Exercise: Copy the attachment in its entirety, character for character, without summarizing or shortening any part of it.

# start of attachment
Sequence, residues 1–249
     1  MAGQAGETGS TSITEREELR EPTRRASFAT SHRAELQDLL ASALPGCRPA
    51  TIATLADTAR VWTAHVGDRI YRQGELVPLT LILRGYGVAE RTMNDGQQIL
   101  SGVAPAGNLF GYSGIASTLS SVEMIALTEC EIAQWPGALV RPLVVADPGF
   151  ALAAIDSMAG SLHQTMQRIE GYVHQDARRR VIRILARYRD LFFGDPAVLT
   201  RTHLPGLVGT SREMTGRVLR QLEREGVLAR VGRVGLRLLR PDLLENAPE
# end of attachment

Sequence, residues 1–249
     1  MAGQAGETGS TSITEREELR EPTRRASFAT SHRAELQDLL ASALPGCRPA
    51  TIATLADTAR VWTAHVGDRI YRQGELVPLT LILRGYGVAE RTMNDGQQIL
   101  SGVAPAGNLF GYSGIASTLS SVEMIALTEC EIAQWPGALV RPLVVADPGF
   151  ALAAIDSMAG SLHQTMQRIE GYVHQDARRR VIRILARYRD LFFGDPAVLT
   201  RTHLPGLVGT SREMTGRVLR QLEREGVLAR VGRVGLRLLR PDLLENAPE